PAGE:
October 6, 2011

Fertilizer Prices Spike in Brazil Caused by Weaker Currency

While the recent weakening of the Brazilian currency in relationship to the U.S. dollar is good news for farmers when they sell their crops, its bad news for them when they want to purchase imported items such as fertilizers. Approximately 60% of the fertilizers utilized in Brazil are imported and the price of imported goods has spiked as the Brazilian currency has weakened. In the state of Parana, the price of some fertilizers has increased 20% just in the last two weeks. The price of urea in Parana went from R$ 950 per ton two weeks ago to R$ 1,200 per ton. For farmers who put off purchasing their fertilizers, these price increases could significantly reduce the profitability for their 2011/12 crops.

Fortunately for Brazilian farmers, most of their fertilizers were purchased before the recent price increases. According the National Association of Fertilizer Distributors (Anda), during the first eight months of 2011 (January through August) farmers in Parana purchased 2.38 million tons of fertilizers, which was 26% more than the 1.89 million tons purchased during the same period in 2010. Producers in Parana purchase approximately 14% of all the fertilizers in Brazil.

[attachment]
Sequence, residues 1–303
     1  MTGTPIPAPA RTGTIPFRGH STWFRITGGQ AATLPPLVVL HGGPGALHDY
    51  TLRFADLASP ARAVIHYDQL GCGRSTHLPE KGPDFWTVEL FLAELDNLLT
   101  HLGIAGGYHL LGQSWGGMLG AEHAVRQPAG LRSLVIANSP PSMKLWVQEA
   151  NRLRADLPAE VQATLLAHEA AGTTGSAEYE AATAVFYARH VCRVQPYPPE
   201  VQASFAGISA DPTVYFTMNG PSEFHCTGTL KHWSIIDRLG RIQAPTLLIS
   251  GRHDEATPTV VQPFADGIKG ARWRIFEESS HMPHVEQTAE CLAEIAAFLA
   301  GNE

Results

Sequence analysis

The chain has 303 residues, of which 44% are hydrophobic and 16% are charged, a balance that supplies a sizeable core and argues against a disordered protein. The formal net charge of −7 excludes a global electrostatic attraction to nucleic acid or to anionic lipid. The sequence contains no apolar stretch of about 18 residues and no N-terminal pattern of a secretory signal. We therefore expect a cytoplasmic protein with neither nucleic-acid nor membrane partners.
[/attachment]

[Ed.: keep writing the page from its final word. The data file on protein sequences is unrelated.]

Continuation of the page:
For all of Brazil, 17.05 million tons of fertilizers were purchased during the first eight months of 2011 compared to 13.5 million in 2010 or an increase of 25%. The total amount of fertilizers purchased by Brazilian farmers in 2011 is expected to be in the range of 26.0 to 26.5 million tons compared to 24.5 million tons purchased in 2010.

The sudden weakening of the Brazilian currency means that the price of fertilizers may continue to increase and that could negatively impact future fertilizer purchases in the country.

Farmers in Brazil have not been as aggressive in forward purchasing their chemical needs for the 2011/12 growing season (herbicides, insecticides, fungicides). Chemical costs are expected to increase 8% to 10% in the coming days.